Reflections from A Christmas Carol

Preface: No one is useless in this world who lightens the burdens of another. – Charles Dickens

Reflections from A Christmas Carol

It begins with credit. What does it end with but credit? It is well said that “Animals do not worry about money, only People worry about money.” Charles Dickens’s financial woes in 1843 were no doubt somewhat discouraging to the young thirty-one-year-old father and, he like a few today, was worried about money. Having recently relocated to a more spacious and higher maintenance residence to provide for his growing family of five children, money was tight, and his debt was growing. With a lack of responsible budgeting, i.e., Charles was failing to live with-in his means; the stress was multiplied with dear relatives asking him for money.

With his two recent novels resulting in lackluster sales, his publishers had cut his royalty payments, and he was strapped for cash. The stakes were high, and the financial pressures were growing. Charles Dickens that year may have perceived the Christmas Holiday Season in the following quote “What’s Christmas time to you but a time for paying bills without money; a time for finding yourself a year older, but not an hour richer?” The famous book A Christmas Carol was “A Miracle of Christmas” for the young author, which has been adapted as literary work shaping the meaning of the Holiday Season for dozens of decades following.

Today, many have no appreciation of the happiness in avoiding the debtor’s prison, that Charles Dickens knew too well. He was scarred from the childhood trauma from being pulled from school and forced to work in boot-blacking factory, to help his father in Marshalsea debtors prison. It was a burning memory for the young Dickens, and his book describes the brutal terrors of failing on debt payments in that era.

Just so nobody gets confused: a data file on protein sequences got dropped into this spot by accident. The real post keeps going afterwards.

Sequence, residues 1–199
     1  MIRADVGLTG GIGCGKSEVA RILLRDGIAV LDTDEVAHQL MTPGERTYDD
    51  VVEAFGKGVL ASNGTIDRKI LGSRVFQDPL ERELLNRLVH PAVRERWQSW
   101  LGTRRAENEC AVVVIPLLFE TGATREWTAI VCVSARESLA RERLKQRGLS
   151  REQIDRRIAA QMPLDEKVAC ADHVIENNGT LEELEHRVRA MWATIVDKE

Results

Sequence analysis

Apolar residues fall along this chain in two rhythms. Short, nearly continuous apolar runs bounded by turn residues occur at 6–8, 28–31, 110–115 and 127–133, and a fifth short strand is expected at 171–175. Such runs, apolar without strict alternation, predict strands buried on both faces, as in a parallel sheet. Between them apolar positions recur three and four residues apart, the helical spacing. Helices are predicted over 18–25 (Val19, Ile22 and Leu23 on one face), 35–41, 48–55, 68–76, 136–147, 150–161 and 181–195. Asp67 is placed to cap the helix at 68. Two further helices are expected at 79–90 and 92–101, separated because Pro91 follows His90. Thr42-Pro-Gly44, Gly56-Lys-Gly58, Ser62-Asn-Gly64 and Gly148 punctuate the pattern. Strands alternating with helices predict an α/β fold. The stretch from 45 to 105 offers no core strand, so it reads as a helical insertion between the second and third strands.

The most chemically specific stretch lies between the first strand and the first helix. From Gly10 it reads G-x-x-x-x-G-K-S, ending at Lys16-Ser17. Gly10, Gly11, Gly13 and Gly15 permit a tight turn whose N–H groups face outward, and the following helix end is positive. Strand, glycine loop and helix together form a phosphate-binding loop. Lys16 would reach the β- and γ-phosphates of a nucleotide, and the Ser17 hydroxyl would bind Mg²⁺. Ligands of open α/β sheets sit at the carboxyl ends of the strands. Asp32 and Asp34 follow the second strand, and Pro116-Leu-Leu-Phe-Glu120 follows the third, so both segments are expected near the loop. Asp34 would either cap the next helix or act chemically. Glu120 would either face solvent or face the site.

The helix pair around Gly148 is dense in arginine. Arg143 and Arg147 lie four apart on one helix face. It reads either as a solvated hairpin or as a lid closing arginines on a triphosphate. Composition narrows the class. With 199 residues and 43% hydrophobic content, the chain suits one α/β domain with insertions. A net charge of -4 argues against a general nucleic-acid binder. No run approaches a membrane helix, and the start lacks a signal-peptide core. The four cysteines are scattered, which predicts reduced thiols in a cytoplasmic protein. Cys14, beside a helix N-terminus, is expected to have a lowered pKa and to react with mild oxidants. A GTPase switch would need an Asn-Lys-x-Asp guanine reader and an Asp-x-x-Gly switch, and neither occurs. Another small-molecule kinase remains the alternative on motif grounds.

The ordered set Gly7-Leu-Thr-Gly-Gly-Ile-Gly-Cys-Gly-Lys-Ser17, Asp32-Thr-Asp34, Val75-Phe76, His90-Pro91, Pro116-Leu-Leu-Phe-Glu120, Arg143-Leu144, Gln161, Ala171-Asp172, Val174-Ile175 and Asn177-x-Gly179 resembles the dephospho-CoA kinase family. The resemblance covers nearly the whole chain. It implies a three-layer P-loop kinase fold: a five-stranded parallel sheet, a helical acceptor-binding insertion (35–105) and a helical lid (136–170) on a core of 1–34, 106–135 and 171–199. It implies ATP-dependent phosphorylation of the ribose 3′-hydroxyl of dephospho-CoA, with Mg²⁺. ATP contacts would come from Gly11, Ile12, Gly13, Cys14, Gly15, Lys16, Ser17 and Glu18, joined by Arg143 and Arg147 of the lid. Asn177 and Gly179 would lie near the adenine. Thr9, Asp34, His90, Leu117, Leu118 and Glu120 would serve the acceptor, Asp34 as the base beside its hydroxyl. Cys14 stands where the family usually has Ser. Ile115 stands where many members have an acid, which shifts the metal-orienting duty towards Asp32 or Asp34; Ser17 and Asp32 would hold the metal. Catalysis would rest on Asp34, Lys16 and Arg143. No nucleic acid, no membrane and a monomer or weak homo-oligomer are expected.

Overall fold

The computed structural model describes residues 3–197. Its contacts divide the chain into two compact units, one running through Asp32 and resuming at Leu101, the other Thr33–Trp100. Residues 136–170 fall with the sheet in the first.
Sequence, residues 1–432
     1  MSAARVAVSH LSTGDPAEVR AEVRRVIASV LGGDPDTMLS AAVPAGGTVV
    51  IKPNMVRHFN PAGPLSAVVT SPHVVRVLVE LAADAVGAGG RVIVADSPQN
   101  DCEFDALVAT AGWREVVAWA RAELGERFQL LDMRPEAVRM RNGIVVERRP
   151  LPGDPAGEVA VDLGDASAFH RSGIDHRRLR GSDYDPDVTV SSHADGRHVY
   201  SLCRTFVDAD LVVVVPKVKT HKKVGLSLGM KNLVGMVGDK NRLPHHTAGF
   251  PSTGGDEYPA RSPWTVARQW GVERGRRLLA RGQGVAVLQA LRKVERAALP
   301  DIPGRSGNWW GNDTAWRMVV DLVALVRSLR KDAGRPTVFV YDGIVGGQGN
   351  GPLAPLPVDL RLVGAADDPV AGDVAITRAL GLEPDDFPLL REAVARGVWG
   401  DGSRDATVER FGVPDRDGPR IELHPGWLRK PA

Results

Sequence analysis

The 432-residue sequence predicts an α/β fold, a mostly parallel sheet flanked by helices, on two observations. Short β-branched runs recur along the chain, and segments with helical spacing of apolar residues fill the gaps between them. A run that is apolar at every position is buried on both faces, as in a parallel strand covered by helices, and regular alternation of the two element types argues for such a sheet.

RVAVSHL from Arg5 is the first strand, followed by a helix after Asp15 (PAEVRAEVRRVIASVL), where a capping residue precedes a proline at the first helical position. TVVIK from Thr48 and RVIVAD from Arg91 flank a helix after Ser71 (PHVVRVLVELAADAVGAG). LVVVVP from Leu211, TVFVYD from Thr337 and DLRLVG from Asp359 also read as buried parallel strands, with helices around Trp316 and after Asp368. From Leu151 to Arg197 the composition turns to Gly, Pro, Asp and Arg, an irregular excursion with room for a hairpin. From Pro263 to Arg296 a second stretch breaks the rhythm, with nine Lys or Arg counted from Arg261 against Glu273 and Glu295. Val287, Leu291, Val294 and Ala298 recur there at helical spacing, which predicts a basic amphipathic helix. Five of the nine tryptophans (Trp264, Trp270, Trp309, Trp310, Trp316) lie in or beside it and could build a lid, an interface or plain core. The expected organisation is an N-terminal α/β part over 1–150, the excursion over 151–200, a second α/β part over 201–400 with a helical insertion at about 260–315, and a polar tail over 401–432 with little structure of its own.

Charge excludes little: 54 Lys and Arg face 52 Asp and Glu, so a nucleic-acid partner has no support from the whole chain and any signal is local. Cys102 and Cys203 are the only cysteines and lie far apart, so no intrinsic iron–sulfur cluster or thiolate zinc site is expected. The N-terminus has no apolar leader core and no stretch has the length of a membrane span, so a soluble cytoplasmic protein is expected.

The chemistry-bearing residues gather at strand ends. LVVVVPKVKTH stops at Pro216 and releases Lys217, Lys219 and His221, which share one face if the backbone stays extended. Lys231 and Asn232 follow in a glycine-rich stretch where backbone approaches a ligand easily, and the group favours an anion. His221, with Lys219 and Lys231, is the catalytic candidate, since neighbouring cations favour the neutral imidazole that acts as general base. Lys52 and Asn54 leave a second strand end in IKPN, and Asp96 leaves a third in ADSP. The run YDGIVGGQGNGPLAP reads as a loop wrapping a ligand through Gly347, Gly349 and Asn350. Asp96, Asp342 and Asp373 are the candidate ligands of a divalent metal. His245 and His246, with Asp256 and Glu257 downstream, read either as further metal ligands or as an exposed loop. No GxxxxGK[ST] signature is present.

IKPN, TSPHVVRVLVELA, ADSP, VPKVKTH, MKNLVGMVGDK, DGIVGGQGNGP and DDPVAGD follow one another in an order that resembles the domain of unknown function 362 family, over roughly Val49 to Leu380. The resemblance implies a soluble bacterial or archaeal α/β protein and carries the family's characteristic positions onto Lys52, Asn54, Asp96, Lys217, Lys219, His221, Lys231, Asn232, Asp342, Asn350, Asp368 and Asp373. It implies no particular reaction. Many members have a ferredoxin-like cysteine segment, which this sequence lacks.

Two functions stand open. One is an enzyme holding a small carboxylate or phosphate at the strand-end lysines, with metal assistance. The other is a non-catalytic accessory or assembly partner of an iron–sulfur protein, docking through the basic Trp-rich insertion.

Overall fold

On the contrast, Mr. Scrooges’ journey from an innocent student to the kind Mr. Fezziwig’s office and then onward to the stingy miser, was perhaps or perhaps not a matter of chance. Whether it’s the saddest part of the story or not, Mr. Scrooges likely began his career with good or maybe great intentions, but his decision to remain silent when told to be happy with the life he had chosen, was the moment he realized his incremental steps forward ultimately towards eating porridge for Christmas dinner in a room lit with one candle.

Formally stated, Newton’s third law is: For every action, there is an equal and opposite reaction. The statement means that in every interaction, there is a pair of forces acting on the two interacting objects.

Newton’s law may perhaps be true of Mr. Scrooges’ business partner Mr. Marley. From Mr. Marley’s perspective, the common welfare was not his business interest or practice. He strongly encouraged Mr. Scrooge to amend his ways. And then there was also Newton’s law for Mr. Cratchit. Never allowed to put more coal on the fire to keep warm while at work, while being paid 15 shillings a week, while just caring for his family was enough. Finally, the big turkey arrived from Mr. Scrooge on Christmas Day.

No one is useless in this world who lightens the burdens of another. – Charles Dickens.

Mr. Marley was in fantasy land, pulling a chain of heavy bank boxes, as well as with his opportunity to redeem his time. Mr. Scrooge was too. We are not. Whether you feel like Charles Dickens, The Cratchit Family, nephew Fred, Mr. Scrooge, or Mr. Fezziwig say, this Holiday Season, let us genuinely remember Mr. Scrooges words “I will honor Christmas in my heart, and try to keep it all the year.” 

And to our readers, we quote the honorable Tiny Tim, “God bless ‘em, everyone” and Merry Christmas!

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